Matthew 4:18-22; Mark 1:16-20; Luke 5:1-11
Jesus had ministered between the regions of Judea and Galilee for some time now, though we don’t know how long. We know that Jesus’ ministry lasted roughly three years. He had some men following him throughout this time but seemingly on a, well, “part-time” basis. (We already met them in the Gospel of John 1-2.) Four of the men whom we know that followed him from the beginning were two pairs of brothers: Peter and Andrew, and James and John. In today’s passage, they finally made their once-for-all break from their regular daily pastimes to follow him.
Matthew and Mark give an abbreviated version of Luke’s account. After preaching to the people from Simon’s boat, who had been “pressing in on him to hear the word of God” (I love that), Jesus asks Simon to go out to “let down your nets for a catch.” Simon responds that they had toiled all night but at Jesus’ word he would do so. As we indicated above, notice that Simon already knew Jesus and trusted him. You know the story, when they obeyed Jesus, the catch was so large their nets were breaking. James and John were called over to help. At this, Simon Peter falls down at Jesus’ knees saying, “Depart from me, for I am a sinful man, O Lord!” And as all were astonished at the miracle, Simon really expressed what all were thinking. When they returned to land, all four left their business and families and followed Jesus – now full-time.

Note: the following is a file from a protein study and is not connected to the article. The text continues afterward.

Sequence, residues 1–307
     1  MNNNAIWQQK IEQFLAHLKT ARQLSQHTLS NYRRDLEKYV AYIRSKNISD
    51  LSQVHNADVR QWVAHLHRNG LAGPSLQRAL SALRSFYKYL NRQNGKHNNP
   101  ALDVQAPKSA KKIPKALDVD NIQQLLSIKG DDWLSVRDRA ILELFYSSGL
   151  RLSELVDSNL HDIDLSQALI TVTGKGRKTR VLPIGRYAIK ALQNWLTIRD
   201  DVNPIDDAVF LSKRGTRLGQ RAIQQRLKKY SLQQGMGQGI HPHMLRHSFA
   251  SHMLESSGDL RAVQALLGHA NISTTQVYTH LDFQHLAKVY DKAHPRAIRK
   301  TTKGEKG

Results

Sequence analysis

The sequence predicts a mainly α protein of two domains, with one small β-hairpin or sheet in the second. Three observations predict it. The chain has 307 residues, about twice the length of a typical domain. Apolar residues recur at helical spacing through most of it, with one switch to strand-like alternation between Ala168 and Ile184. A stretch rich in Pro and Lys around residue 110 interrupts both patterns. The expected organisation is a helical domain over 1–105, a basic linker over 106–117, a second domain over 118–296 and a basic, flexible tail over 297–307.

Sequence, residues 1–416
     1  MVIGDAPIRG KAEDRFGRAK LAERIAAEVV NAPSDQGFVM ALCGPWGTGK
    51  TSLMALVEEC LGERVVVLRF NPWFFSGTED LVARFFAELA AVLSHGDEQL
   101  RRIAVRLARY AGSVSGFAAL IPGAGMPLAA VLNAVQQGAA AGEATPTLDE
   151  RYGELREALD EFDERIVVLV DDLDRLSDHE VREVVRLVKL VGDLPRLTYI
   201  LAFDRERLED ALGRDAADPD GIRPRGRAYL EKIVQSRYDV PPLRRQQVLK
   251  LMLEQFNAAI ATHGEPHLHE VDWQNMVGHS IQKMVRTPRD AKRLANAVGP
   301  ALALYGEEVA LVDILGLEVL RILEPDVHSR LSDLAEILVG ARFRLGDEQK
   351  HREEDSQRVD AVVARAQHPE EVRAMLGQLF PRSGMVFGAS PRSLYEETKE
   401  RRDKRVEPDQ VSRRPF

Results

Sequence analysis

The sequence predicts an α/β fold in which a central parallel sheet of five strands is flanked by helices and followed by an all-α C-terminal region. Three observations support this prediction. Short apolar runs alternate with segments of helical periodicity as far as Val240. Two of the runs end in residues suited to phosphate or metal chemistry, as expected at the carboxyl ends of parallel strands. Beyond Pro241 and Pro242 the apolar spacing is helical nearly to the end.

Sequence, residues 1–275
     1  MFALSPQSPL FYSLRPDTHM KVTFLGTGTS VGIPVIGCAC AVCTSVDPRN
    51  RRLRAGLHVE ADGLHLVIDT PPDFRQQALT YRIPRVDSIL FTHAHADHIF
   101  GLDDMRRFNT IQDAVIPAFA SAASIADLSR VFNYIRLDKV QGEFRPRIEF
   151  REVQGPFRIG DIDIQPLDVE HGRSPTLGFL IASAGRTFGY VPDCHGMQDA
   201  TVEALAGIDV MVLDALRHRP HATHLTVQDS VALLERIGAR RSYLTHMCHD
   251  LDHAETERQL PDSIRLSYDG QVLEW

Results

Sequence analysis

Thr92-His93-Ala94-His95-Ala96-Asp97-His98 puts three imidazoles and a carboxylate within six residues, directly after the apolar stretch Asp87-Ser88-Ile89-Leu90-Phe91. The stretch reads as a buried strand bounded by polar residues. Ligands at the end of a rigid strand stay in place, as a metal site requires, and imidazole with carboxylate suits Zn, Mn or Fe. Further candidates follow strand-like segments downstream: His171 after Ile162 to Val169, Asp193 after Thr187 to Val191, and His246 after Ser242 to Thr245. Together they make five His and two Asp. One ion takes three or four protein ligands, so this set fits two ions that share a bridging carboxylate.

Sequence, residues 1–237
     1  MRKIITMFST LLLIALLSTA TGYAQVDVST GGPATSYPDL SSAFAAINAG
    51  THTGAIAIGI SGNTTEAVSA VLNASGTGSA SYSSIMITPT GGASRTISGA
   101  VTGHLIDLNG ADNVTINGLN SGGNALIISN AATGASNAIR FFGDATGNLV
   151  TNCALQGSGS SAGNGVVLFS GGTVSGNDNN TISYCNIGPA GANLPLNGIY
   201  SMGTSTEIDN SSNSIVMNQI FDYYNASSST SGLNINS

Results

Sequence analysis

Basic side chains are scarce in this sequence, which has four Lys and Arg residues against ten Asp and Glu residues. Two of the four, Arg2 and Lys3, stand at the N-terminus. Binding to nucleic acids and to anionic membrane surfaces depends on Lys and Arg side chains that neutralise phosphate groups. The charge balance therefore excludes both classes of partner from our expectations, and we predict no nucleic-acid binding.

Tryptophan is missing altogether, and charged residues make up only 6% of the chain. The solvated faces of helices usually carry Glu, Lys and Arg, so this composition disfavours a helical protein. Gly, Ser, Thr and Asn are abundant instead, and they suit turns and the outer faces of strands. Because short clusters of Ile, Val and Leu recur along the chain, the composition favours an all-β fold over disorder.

The first thing to note is this: that when we are in the presence of the Lord, confession and repentance will follow (or a hardening of heart). Peter had seen and heard enough over the last several months; he knew who this man was: the Lord. And he knew who he was: a sinful man. He knew that the two could not co-exist. He loathes himself and asks the Lord to go away from him (though he really wants him to stay). But the good news is that when we in humility confess our sins and hate them for His sake, Jesus’ response is “fear not.” There is forgiveness. The second thing to note is that Jesus’ response requires that we leave all and follow him. This “all” is any and every thing that gets between us and him. God is a jealous God (Exodus 20:5) and Jesus is a jealous Lord. But in giving up our lives, we find them (Matthew 10:39). And third, this following will include a call to ministry and service. What that might entail is personal to each individual. Not all are called to be preachers or missionaries, and that’s okay. But all are called to some service or task. The Lord will show this to you as you seek him. His is to call, yours is to humbly present yourself, as Simon did.